Categories : Defense


  1. Matt says:

    The BABIPs in the table are strictly for ground balls, correct? They’re not BABIPs for all batted balls?

  2. Rich in NJ says:

    I have thought that acquiring a SS/3B, who can hit, that can share PT with Jeter and A-Rod as they age/decline has been there biggest need, by far, over the last few years, and is/was worth spending a large portion of their surplus assets on.

    • Cris Pengiucci says:

      Yes, but it’s difficult to find someone that fits the mold and is willing to split time at SS/3b while not being the primary player at this position.

      • Rich in NJ says:

        That’s true of a veteran who they might try to sign as a free agent (or was acquired via trade who was near free agency), but if it was a ML ready prospect or a young veteran who is several years from free agency, he would have no choice. It was something I thought Montero should have been saved as trade bait to acquire.

        • I am not the droids you're looking for... says:

          Well Seattle is in big on Martin apparently so clearly Jesus isn’t their C of the future. Maybe they’d make him available in a trade and we can send him to AAA to learn 3B and SS.

          • Rich in NJ says:

            Martin’s numbers at Safeco won’t be pretty either, but that’s hardly the point. Montero was (and probably still is) a valuable asset that could have been used far more productively, as I said before he was traded.

            • Cris Pengiucci says:

              In hindsight, yes, although that could change in the next year or so. At the time, it seemed like a good deal for both sides. Sure, Pineda had some concerns due to his less than stellar second half. It’s not as if Montero didn’t have his own warts as well.

            • Robinson Tilapia says:

              …..for an unnamed young super-duper utility guy. Gotcha.

              I understood that, if you were going to fire that bullet, a pitcher was your best bet. It just may have been the wrong pitcher.

        • Cris Pengiucci says:

          The Yankees tried that with Pena and Nunez. Each had their own issues. There’s no one else in the system with the appropriate skills right now, leaving a trade as the only option. Being that the trading team or another team interested in that player may view him as a starter, cost would presumably be high. Not necessarily the wisest user of resources (unless ARod & Jeter become unplayable in the field).

          • Rich in NJ says:

            Pena doesn’t count because he can’t hit at all; Nunez obviously has more upside, but never hit particularly well in the mL. I’m referring to a high end talent.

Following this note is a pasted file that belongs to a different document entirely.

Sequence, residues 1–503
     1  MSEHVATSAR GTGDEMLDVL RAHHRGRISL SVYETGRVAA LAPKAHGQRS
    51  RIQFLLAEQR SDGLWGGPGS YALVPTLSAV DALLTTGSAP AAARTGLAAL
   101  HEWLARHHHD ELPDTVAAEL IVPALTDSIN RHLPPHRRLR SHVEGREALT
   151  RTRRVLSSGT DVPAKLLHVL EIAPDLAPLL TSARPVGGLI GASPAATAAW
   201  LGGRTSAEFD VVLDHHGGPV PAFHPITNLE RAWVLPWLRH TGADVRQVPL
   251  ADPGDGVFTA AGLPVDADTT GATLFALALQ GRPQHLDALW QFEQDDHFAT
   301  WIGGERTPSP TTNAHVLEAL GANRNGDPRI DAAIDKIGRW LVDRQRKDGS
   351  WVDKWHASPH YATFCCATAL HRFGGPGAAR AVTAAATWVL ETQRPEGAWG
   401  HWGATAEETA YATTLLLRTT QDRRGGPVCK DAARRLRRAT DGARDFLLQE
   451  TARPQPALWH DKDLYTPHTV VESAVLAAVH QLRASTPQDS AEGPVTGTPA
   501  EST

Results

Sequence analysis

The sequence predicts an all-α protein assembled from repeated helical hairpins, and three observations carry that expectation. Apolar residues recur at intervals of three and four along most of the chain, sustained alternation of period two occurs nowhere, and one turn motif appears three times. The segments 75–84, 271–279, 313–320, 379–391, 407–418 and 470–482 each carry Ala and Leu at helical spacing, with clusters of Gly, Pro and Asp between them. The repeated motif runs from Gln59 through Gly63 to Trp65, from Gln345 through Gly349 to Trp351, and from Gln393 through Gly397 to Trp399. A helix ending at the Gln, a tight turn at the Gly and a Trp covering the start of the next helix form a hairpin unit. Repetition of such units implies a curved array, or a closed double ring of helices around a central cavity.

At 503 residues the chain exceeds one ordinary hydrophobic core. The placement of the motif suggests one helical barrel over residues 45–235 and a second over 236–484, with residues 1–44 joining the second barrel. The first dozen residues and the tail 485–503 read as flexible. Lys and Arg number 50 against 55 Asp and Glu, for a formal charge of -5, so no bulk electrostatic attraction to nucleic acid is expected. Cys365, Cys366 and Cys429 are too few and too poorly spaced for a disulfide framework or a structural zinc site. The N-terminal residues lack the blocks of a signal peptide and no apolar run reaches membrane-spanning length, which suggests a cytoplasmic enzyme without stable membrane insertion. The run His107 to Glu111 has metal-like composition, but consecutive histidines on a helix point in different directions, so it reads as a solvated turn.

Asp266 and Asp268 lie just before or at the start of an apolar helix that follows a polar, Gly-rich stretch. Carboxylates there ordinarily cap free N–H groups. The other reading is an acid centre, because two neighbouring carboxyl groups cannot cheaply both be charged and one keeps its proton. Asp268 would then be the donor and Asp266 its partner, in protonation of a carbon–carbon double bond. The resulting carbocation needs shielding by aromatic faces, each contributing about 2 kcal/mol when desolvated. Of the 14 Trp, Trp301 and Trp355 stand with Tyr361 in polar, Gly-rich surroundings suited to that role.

As for your other post, I would never trade a hitter for a pitcher under 26.

            • Rich in NJ says:

              Well, almost never.

              • Cris Pengiucci says:

                And the Montero situation is one that I would, when considering that there was really no place for him on the Yankees. He isn’t a catcher and ARod and Jeter will get more and more at bats at DH. Could someone better have been found in trade? Perhaps, but Pineda seemed like a good choice at the time.

                • Rich in NJ says:

                  Pitchers under 26 are particularly susceptible to arm injuries, and Pineda already had one. Plus, his uptick in velo was relatively recent. Couple that with the fact that they had no other ML ready bats, and the risk was not reasonable.

                  • jjyank says:

                    Yeah, but the point was to get a pitcher who could play for the league minimum to help with the $189 budget. Top tier pitchers over 26 generally won’t fit that mold.

                    It didn’t work out, and I would probably agree with you if there was no budget. But it’s clear to me that they targeted Pineda in an effort to find a top-end starter who was only making peanuts.

                  • Preston says:

                    Pitcher velocity and K rates and thus often times production peak early. If you don’t want young pitchers you’re going to have mostly mediocre and expensive pitchers. You don’t know that CC Sabathia or Justin Verlander are going to be durable workhorses who maintain elite stuff until they’ve done it, at which point you have to pay for it.

                    • jjyank says: